Stranded Animal

Injured or dead marine animals found on the beach should not be handled by the public. There are generally different rules for each animal but the most important rule is that the law does not allow for members of the public to transport any animal. It is imperative that the authorities are contacted immediately.

KZN Marine Strsnding Network:

The KZN Marine Stranding Network comprises of a team of professionals, from various organisations, that offer their knowledge and resources to assist with marine strandings along the KZN coast.

 

What to do if you find a marine stranded animal?

In every situation the relevant authorities should be contacted immediately. The authorities require accurate information about the animal for a successful rescue to take place. As a member of the public, you can assist by giving the following information over the phone:

  1. Exact location and directions to the location if it is a remote area.
  2. Photos. A picture can give the authorities vital information about the animals’ health, their location and their body language.
  3. Injuries to the animal. (Please Note: Reporting dead animals are also necessary as it has important research value)
  4. Behaviour and condition of animal (alive, dead, injured).
  5. The time, date and any other relevant information of when the animal was first found.

 Who to contact?
Organisation Contact Details       Stranded Animals 
uShaka Sea World 031 328 8222 (o/h)
031 328 8060 (a/h)
Dolphins, whales, seals, penguins, turtles
KZN Sharks Board 031 566 0400  Whale & dolphin entanglements and whale sharks
CROW 031 462 1127 (o/h)
031 469 0583 (o/h)
083 212 5281 (a/h)
Sea birds (except penguins) between Umkomaas to northern KZN regions
 SCAR083 246 6765Sea birds (excluding penguins) from Umkomaas to southern KZN regions

Recorded Animal Strandings in KZN:

  • whales, dolphins, whale sharks
  • seals
  • penguins, coastal birds
  • turtles

  • Do’s and Don'ts

    Do:

    • Control crowds, pets and children – marine animals are extremely vigilant and having noise and being able to see movement stresses them out.
    • In the case of dolphins and small whales, place towels over their bodies and keep the towels wet (NEVER cover the blowhole or pour water into it.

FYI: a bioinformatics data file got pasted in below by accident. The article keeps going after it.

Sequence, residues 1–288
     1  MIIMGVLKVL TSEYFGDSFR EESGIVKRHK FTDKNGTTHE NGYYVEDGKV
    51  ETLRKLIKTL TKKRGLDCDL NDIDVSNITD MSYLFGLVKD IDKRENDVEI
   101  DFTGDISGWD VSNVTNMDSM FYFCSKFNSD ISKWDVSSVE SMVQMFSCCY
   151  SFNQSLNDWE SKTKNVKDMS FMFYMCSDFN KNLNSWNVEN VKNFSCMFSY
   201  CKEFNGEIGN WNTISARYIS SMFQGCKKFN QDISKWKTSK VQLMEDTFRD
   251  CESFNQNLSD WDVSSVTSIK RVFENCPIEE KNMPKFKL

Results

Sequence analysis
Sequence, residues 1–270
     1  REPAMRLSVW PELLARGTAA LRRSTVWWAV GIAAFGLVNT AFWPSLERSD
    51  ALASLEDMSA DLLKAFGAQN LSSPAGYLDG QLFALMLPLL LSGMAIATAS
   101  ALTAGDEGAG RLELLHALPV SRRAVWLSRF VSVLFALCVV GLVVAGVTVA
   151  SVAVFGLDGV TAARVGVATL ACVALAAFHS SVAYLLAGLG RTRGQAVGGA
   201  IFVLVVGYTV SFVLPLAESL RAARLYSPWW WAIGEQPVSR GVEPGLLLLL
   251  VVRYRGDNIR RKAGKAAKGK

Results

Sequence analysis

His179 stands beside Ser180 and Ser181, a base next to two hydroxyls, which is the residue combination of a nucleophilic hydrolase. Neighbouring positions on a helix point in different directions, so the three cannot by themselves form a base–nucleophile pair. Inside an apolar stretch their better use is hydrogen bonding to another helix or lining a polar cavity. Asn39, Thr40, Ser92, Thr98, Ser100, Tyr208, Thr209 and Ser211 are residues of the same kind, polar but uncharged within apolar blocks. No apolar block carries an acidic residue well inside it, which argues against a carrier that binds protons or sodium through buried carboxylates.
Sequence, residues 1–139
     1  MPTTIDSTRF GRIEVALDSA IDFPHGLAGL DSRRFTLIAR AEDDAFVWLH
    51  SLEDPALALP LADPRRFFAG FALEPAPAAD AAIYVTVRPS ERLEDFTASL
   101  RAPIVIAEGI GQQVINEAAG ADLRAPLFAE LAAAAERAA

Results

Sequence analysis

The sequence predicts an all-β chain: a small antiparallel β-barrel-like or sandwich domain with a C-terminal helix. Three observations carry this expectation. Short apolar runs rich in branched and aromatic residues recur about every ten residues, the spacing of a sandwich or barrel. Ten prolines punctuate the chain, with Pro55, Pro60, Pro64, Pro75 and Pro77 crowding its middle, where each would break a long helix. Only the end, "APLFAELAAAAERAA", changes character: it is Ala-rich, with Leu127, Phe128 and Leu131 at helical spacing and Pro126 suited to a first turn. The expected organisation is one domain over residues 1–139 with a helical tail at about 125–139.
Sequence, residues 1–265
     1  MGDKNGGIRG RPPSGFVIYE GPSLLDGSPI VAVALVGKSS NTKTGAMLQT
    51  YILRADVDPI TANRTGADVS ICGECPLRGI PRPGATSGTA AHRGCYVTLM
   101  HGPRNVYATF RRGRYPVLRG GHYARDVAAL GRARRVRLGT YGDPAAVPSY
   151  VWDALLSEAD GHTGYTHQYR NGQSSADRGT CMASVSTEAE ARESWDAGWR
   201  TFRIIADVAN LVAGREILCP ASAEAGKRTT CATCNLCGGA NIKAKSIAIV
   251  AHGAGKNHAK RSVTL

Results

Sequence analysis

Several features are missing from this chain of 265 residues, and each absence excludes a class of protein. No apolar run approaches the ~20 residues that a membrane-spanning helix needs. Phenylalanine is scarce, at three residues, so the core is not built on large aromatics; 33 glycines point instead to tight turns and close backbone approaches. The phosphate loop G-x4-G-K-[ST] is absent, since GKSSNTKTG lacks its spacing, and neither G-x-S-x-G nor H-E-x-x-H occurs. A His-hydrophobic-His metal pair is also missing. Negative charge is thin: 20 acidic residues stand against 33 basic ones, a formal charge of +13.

• Create shade, place a gazebo over the animal if possible.
    • Do not handle or touch the animal unnecessarily – these animals are not familiar with people; stroking and patting them does not soothe them, it stresses them out.
    • In the case of seals, do not approach them unnecessarily. They are skittish and the water is their place of safety but they are on the beach because they need to be out of the water. Chasing them back into the water may cause them to drown.   
    • In the case of dolphins and whales, turn animal onto their tummy and dig holes for their flippers so their flippers are not at an awkward angle and to prevemt any damage to internal organs. 
    • In the case of penguins, the animal may be placed in a well ventilated, box and left in a shaded quiet place until rescue teams arrive
    Don’t:
    • Don’t place animal back into the sea or into any water – they will drown.
    • Don’t move the animal unnecessarily.
    • Don’t allow people to take selfies and create unnecessary noise.
    • Don’t pour water into the blow hole.
    • Don't cover the eyes or blow hole.
    • Don’t feed or hydrate an animal.
    • Don’t place wet towels onto birds, seals or turtles.
    • Don’t drive on the beach to rescue an animal.
    • Don’t place a turtle on its back.
    • Don’t take the animal home, they require specialist care.
    • Don’t apply sun block to any animal skin.
    • Do not attempt to remove fishing gut or hooks from any animal, you may cause more damage.

    "No person shall, except on the authority of a permit: kill, or attempt to kill, fish for or harass; feed, keep or control; be in possession of any part of, or a product made from; dolphins, whales, turtles, whale sharks, penguins and seals."
    (Excerpt from the Marine Living Resources Act, 1998)

     


    Additional Information

    For more information on strandings see
    "Whales and Dolphins" under Coastal and Marine Species (page 75)

    Coastal and Marine Species